Our study had several limitations. First, this was a retrospective study. Since lesions showing non-mass enhancement likely fall under the category of careful follow-up observation, a resection or biopsy of the lesion is less frequently performed than for those showing a solid mass on MRI. A second limitation is the small number of subjects included in this study. Third, this retrospective study was conducted using one MRI machine at a single institution, though the MRI data collection method was considered uniform and reliable. The measurement of ADC values depends on the parameters of each MRI unit, thus further study using a variety of MRI machines will lead to a more robust definition for ADC-based diagnosis. Fourth, the ROIs for individual lesions on the ADC map were manually drawn by a radiologist while referring to contrast-enhanced MRI in multiplanar views using an image registration function. Due to lower spatial resolution and inherent distortion of ADC maps, compared with contrast-enhanced MRI, the location and shape of the breast lesion may not have been identical between the ADC maps and contrast-enhanced images. A careful comparison of these two is required when setting an ROI for each lesion.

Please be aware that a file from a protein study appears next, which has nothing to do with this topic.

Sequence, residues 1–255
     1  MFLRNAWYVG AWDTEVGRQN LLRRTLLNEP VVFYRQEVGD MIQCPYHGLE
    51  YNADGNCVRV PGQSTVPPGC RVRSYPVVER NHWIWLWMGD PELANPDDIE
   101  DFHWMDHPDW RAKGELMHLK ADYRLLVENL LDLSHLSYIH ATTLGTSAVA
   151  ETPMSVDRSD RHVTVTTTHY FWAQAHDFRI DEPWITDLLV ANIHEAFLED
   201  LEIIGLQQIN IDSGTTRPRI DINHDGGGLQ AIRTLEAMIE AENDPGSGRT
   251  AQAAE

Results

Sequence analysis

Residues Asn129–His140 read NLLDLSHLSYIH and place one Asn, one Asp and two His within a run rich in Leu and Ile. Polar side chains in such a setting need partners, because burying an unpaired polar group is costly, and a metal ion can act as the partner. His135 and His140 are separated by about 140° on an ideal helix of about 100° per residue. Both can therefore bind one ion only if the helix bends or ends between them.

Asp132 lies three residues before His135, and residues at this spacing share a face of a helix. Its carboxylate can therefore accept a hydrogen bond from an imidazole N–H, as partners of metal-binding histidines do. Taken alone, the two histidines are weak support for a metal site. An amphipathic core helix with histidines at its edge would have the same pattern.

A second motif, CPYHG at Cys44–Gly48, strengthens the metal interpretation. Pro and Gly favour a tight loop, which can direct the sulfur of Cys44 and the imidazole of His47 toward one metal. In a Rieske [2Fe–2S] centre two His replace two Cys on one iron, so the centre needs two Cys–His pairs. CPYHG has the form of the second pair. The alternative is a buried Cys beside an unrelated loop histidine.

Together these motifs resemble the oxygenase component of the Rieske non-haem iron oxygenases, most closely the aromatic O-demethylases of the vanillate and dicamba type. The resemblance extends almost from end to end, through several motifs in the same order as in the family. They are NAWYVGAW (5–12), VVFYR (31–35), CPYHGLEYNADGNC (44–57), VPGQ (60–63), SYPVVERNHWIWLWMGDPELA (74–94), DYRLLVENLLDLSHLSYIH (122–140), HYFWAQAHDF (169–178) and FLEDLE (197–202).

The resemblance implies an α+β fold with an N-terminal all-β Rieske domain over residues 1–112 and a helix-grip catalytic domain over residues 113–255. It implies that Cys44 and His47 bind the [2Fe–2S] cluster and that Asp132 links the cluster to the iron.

In conclusion, our investigation of whole-lesion ADC histogram analysis of non-mass enhancement on breast MRI suggests its potential for possible use in differentiating between benign and malignant lesions.

Acknowledgment

This work was supported by JSPS KAKENHI Grant Number JP18K07629.

Declaration of patient consent

Institutional Review Board (IRB) permission was obtained for the study.

Financial support and sponsorship

Nil.

Conflicts of interest

There are no conflicts of interest.